posted by HoldenCaulfield on Dec 24, 2001 - 11 comments

Microsoft's newest version of Windows....

Microsoft's newest version of Windows.... billed as the most secure ever, contains several serious flaws that allow hackers to steal or destroy a victim's data files across the Internet or implant rogue computer software. The company released a free fix Thursday.

A Microsoft official acknowledged that the risk to consumers was unprecedented because the glitches allow hackers to seize control of all Windows XP operating system software without requiring a computer user to do anything except connect to the Internet.
posted by bkdelong on Dec 20, 2001 - 60 comments

This has got to be a payback for one too many Jerry Lewis flicks.

This has got to be a payback for one too many Jerry Lewis flicks. French school for hackers. Teaching such things as hacking internal files, setting up trojan horses, viral attack theory, and the like. Of course it's only to put to use by the students for purposes of cyber self defense. Riiiiight.
posted by MAYORBOB on Dec 3, 2001 - 2 comments

Heres one for the Opera (the browser not the singy thing) snobs out there.
posted by zeoslap on Nov 20, 2001 - 11 comments

The RIAA wants to hack your computer

The RIAA wants to hack your computer (via Fark ) The RIAA tried to attach a rider to the anti-terrorism bill currently in Congress that would have allowed them to hack anyone's computer without consequence. One more reason why the RIAA is evil.
posted by Maxor on Oct 15, 2001 - 34 comments

Silicon Valley backs Senate bill

Silicon Valley backs Senate bill that would allow companies to report computer network attacks to the government without having to worry about the public finding out. The reasoning: it would encourage more companies to report the problems and help the government track down the culprits. A similar bill is in the House.
posted by thescoop on Sep 25, 2001 - 3 comments

Who Coughs to be a Millionaire?

Who Coughs to be a Millionaire? UK Army Major accused of using coughing code to win a Million quid. Lucky no one had a cold.
posted by oddity on Sep 21, 2001 - 5 comments

Striking back at hackers

Striking back at hackers
"LaBrea" is a free, open-source tool that deters worms and other hack attacks by transforming unused network resources into decoy-computers that appear and act just like normal machines on a network. But when malicious hackers or mindless worms such as Nimda or Code Red attempt to connect with a LaBrea-equipped system, they get sucked into a virtual tarpit that grabs their computer's connection -- and doesn't release it.
Is this an ethical use of network resources, or just vigilante justice? What other methods have you used to strike back at hostile software?
posted by TheChump on Sep 20, 2001 - 9 comments

http://www.taleban.com

http://www.taleban.com keeps looping back to our own machines at work. At home, it comes up non-existant yet it's showed up in my server logs. network solutions has a listing for it. Anyone else getting bizarre results with this domain?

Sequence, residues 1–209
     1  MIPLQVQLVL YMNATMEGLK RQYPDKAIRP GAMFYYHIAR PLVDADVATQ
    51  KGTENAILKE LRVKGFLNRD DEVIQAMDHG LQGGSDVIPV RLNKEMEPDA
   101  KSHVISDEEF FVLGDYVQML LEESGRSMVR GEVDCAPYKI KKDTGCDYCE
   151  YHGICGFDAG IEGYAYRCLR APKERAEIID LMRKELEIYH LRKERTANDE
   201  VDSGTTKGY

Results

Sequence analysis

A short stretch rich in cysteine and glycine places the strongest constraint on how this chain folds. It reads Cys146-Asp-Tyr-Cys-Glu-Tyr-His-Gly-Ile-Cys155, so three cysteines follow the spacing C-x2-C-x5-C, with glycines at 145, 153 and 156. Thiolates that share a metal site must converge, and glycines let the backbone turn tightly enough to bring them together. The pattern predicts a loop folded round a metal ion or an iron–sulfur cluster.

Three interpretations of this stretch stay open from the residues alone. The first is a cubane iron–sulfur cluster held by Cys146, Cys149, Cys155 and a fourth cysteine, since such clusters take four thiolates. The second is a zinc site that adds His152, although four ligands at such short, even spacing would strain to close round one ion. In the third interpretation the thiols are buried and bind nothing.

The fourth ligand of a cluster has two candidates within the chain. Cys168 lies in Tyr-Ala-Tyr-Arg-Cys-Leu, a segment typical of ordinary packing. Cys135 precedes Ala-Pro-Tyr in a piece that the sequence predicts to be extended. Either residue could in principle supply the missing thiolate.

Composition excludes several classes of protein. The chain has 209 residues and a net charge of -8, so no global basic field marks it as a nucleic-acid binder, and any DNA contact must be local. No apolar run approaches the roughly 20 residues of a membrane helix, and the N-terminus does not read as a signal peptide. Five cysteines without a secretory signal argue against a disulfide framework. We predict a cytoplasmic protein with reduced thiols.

posted by Zebulun on Sep 13, 2001 - 15 comments

Hotmail Hacked

Hotmail Hacked Now everyone can gain access to your e-mail for Viagra orders, penis enlargements, and diploma purchases. Giddie up! (via penismighter)
posted by aaronchristy on Aug 21, 2001 - 10 comments

Ashcroft launches C.H.I.P.

Ashcroft launches C.H.I.P. Computer Hacking and Intellectual Property units to make sure all your licensing is in order, don't have a copy of the DeCSS song, and keeping webpages de-facement free.
posted by skallas on Jul 22, 2001 - 14 comments

Hax0ring, power up, make the next level.

Hax0ring, power up, make the next level.
posted by holloway on Jun 8, 2001 - 4 comments

Dori Smith posted

Dori Smith posted a pointer to a page on Winerlog where he's trying to organize a project to get people to hack Manila sites. How do people feel about this? What if your site got hacked? Should UserLand, in your opinion, support this? Is this free speech, or is it screaming fire in a crowded movie theater? What if he starts posting how-to's? Looking forward to an interesting discussion.
posted by davewiner on Jun 6, 2001 - 33 comments

Every gadget seems to generate a hobbyist underground:

Every gadget seems to generate a hobbyist underground: CueCat, TiVo, Big Mouth Billy Bass, DVD encryption, DVD region codes, Web appliances, WebTV, and Palm. The main link is to the New York Times; registration required.
posted by tranquileye on May 3, 2001 - 7 comments

Attrition.org's

Attrition.org's look at the recent China/US web page defacement "war."
posted by skallas on May 2, 2001 - 0 comments

Chinese to launch Hack the USA campaign.

Chinese to launch Hack the USA campaign. As if this weren't enough of a problem from inside the US. Maybe Starbucks should reconsider the free web access in Beijing.
posted by jasonshellen on Apr 26, 2001 - 12 comments

You too can be a felon!